A saved tree, a symbol of hope
There’s only one tree to gather around in the Greenwood section of Seattle this Christmas season.
The Exceptional Western Red Cedar that was slated for removal after the property on which it has stood for more than 100 years was sold, has been saved.
Neighbors fought to save the tree from being cut down to make room for two, 3,000-square-foot homes being built by prolific developer Andy Duffus. A small farmhouse has stood on the property since 1904.
Anthony Maschmedt, a principal at Dwell Development, decided to ask Duffus if he could buy the half of the lot where the tree stands. He plans to build a smaller house and save the tree.
Maschmedt is an investor in Duffus’ Blueprint Capital, so that made things easier — Duffus even gave him an easement on the lot so he could move the house’s footprint over to give the tree’s root system a safe margin.
“There’s an opportunity here, and it wasn’t just about saving the tree,” Maschmedt told me. “How do we change this into something positive for the community and developers and growth in Seattle?”
Saving the tree was also a way to counter the belief that developers are turning Seattle’s green into the sheen of big new homes and tall towers.
“What we’re doing as developers isn’t all bad,” Maschmedt said. “This is a win-win for everyone. And it’s just the right thing to do.”
Kim Brotherton, one of the neighbors who appealed the city’s approval of the Duffus development, is overjoyed. In settling the appeal, the neighbors negotiated a covenant that will protect the tree ad infinitum, and prevent future owners of the property from cutting it down, unless it becomes diseased and/or unsafe in some way.
“Now we celebrate,” Brotherton said. “As Joan Baez said, ‘Action is the antidote to despair.’?”
Cynthia Brothers, founder of the VanishingSeattle Instagram and Facebook accounts that chronicle the ever-changing face of Seattle, has taken action, too, by opening a temporary pop-up shop so that she can engage with followers and newcomers.
Brothers has partnered with Eighth Generation gallery in Pike Place Market to open an interactive exhibit featuring a 15-foot photo display of ”Seattle places loved and lost” and a pop-up shop featuring branded Vanishing Seattle buttons, shirts and bags; books about Seattle’s neighborhoods and subcultures written by local authors and the work of local street artists NoTouchingGround and @besoSeattle. (Proceeds will fund an upcoming Vanishing Seattle documentary film.)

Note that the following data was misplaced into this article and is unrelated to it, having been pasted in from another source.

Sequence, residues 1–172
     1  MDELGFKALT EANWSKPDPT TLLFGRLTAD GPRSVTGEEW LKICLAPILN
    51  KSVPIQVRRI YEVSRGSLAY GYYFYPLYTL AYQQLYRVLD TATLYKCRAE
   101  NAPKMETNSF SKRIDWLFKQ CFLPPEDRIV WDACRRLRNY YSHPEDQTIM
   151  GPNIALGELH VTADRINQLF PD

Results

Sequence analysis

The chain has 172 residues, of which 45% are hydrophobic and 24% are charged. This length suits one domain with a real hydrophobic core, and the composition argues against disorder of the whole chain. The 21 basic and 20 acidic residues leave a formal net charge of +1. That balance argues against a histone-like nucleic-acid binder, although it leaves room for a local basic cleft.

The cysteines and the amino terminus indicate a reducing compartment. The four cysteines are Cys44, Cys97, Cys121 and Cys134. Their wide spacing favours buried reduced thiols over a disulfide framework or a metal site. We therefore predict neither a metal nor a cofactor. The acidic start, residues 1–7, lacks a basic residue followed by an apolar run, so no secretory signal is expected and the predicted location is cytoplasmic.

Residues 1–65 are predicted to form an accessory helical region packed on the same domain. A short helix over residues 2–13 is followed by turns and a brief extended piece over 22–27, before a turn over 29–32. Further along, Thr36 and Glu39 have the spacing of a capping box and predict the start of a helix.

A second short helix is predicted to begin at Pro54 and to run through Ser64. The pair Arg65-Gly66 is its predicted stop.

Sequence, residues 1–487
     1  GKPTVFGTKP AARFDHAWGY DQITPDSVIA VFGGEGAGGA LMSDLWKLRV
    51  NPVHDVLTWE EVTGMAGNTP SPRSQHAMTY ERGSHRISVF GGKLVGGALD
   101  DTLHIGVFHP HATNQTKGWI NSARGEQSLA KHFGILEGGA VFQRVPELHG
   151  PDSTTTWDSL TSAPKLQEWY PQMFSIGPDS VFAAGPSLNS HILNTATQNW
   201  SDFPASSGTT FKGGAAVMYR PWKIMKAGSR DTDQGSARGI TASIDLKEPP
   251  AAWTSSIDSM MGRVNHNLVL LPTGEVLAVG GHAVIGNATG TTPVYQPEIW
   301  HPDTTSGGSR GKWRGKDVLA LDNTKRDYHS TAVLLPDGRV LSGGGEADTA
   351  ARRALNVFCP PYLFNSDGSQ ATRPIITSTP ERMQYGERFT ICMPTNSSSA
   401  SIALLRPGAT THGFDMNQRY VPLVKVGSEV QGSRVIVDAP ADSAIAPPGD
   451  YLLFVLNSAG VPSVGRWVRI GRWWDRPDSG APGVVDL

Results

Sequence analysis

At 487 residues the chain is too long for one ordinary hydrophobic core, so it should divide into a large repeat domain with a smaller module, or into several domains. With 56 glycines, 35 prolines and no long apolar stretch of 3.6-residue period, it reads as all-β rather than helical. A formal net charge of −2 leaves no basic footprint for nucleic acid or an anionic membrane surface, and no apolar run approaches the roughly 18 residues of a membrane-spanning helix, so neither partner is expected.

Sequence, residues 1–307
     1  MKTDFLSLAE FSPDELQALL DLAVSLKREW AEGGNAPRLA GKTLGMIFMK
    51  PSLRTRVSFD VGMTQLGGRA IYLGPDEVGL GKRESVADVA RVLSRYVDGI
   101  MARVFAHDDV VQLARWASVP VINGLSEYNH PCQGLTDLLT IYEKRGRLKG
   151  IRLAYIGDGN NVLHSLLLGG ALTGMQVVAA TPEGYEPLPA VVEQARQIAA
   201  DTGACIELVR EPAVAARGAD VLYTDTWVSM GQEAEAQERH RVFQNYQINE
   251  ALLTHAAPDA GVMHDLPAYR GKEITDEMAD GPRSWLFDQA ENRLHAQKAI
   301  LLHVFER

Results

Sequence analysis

Brothers’ display includes the question: “What Do You Miss About Seattle?” and a pile of Post-it notes on which people can write — then attach — their responses.
The answers are wide-ranging, from “The SuperSonics” to one who simply wrot: “Seattle,” and another who asked “Where can I start?”
“It’s not just places, but bigger themes,” said Brothers, 36, who works as a nonprofit consultant focusing on immigrant rights.
“People have written ‘Affordability.’ ‘Feeling safe,’ ” she said. “So it’s not just about commerce or consumption. It’s about the lifeblood of our community and culture.”
Eighth Generation owner Louie Gong, who grew up in the Nooksack tribal community, said Vanishing Seattle “has a lot of overlap” with his space, and the art and attitude within.
“We’re reminding folks of Seattle’s rich cultural history, before it was colonized,” Gong said of Eighth Generation. “When people can see where we’re from, it gives them a better sense of direction as we’re moving forward. The knowledge of history acts like a rudder.”
In order to offset the “gloom and doom” of Seattle’s recent boom, Brothers has highlighted places that have survived: The Sheridan Apartments in Belltown and Scarecrow Video, which just celebrated its third year as a nonprofit.
“People want to see examples of people rallying together and actually having a win,” Brothers said. “Of people being heard.”
Add the Exceptional Western Cedar tree to that chorus.